Gone Phishing: Wales’ approach to cyber security

Published 29/05/2024   |   Reading Time minutes

Cybercrime is an evolving issue, with the UK’s National Cyber Security Centre's (NCSC) latest annual report highlighting increasing threats from state-aligned actors and artificial intelligence (AI). The report details threats from state-aligned actors, such as in China, Russia, Iran and North Korea, and other general threats from ransomware and cyber-enabled fraud. It also warns advances in AI technology will “almost certainly sharply increase the speed and scale of some attacks”.

The UK’s Cyber Security Strategy says the Welsh Government has responsibility to ensure devolved public services, such as health and education “are resilient to cyber risks”. The impacts of cybercrime are being felt within these devolved areas, with infrastructure such as the NHS 111 system and the Welsh Language Commissioner’s Office being targeted. The risks associated with attacks depend on the motivation of the perpetrator and can include the compromising of personal information or vital software being taken offline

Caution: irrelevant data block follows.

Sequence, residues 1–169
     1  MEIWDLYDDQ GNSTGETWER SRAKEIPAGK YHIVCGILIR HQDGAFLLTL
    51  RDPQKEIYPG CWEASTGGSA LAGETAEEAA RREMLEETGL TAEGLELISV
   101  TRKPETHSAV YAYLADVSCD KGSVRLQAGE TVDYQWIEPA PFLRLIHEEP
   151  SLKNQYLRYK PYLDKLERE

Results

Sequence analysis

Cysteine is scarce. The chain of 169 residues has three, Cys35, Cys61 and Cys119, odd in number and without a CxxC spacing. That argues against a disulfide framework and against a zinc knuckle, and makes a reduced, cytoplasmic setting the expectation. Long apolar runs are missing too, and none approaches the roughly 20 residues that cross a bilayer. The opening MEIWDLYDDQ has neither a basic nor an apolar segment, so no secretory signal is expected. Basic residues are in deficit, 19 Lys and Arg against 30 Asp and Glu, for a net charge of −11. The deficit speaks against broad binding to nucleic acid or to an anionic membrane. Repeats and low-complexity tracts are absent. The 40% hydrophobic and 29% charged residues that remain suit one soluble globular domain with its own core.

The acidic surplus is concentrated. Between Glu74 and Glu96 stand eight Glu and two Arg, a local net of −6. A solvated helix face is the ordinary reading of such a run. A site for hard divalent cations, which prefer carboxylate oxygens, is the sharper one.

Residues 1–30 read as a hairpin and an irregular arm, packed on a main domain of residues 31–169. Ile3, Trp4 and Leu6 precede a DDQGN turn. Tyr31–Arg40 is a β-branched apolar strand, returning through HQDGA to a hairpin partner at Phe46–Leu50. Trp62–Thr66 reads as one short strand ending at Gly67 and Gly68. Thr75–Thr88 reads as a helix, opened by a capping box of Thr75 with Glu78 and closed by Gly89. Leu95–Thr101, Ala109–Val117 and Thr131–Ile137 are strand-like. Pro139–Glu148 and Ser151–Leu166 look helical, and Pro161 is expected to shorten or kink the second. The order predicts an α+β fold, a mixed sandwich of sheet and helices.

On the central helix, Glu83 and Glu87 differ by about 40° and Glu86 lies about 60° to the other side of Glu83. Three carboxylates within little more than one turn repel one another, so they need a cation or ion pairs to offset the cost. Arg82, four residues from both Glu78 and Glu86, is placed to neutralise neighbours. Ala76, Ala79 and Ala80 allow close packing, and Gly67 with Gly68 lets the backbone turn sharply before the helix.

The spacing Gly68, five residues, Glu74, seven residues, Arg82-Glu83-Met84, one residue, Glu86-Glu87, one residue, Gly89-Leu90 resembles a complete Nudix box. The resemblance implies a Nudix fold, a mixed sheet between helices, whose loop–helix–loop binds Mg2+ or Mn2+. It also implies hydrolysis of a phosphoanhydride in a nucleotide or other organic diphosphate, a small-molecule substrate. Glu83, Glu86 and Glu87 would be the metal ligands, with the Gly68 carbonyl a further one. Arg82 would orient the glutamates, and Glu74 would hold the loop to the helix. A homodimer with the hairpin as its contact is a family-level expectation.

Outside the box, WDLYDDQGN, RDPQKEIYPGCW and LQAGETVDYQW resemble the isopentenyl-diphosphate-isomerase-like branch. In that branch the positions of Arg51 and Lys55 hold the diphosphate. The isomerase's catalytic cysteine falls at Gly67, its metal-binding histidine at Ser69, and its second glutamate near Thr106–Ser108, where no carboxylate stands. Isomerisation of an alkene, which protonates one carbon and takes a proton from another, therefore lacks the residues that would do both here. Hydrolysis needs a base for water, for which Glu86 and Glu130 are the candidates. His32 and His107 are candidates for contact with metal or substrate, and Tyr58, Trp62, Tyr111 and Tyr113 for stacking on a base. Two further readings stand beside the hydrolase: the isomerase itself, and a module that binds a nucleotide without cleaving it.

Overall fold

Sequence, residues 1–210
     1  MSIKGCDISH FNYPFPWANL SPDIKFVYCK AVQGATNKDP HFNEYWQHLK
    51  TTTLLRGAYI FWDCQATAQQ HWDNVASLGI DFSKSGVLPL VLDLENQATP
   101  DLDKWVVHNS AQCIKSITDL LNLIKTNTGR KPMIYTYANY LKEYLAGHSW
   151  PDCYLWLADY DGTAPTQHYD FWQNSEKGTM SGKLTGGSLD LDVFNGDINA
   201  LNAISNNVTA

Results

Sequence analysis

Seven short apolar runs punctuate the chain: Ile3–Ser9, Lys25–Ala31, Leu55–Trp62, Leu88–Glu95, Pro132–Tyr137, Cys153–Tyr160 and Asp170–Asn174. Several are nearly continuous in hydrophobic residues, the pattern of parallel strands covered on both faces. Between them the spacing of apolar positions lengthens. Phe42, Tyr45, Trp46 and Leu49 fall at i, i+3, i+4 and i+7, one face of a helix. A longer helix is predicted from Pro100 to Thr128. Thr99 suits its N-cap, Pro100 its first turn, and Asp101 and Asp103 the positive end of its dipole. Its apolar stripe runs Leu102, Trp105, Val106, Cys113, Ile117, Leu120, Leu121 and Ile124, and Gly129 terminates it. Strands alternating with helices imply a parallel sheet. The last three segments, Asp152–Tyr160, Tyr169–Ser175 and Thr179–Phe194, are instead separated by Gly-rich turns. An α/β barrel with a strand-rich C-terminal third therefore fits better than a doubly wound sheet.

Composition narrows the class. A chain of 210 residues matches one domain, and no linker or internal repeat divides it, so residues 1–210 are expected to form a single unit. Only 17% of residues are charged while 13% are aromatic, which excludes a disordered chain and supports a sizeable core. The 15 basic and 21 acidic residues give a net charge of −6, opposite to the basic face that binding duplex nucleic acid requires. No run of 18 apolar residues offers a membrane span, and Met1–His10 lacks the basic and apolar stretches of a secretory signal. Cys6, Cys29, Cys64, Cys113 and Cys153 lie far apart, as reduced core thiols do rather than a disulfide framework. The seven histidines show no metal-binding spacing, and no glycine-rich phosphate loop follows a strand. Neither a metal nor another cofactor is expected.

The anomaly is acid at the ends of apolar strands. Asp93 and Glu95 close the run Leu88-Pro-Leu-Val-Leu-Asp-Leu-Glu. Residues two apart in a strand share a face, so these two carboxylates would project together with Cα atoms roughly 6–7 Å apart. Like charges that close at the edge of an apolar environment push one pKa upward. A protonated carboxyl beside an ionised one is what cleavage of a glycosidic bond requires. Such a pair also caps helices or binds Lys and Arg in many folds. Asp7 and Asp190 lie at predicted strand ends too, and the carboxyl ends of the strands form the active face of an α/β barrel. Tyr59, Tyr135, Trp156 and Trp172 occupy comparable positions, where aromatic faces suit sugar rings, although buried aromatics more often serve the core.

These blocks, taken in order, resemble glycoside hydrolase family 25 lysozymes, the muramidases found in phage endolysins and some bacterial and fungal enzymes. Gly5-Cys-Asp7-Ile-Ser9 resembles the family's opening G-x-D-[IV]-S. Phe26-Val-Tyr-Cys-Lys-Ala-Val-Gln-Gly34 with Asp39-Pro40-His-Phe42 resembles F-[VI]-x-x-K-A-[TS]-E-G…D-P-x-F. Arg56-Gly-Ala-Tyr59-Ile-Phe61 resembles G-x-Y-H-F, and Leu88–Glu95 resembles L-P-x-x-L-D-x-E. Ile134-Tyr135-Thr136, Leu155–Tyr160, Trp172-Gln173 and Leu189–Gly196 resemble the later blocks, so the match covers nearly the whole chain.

Effectively addressing these issues requires international cooperation as threats can emerge from any country and can affect a number of nations.

This article considers the Welsh Government’s response to this global issue and summarises developments at the Senedd.

Welsh Government’s approach to cyber security

Cyber security is largely the responsibility of the UK Government, as the prevention, detection and investigation of crime, as well as national security are reserved matters. However, the list of First Minister’s responsibilities does include “national security, including counterterrorism and cyber security”.

In his previous role as Minister for Economy, Vaughan Gething MS, brought forward the Cyber Action Plan in 2023. It has four key priorities, which are to: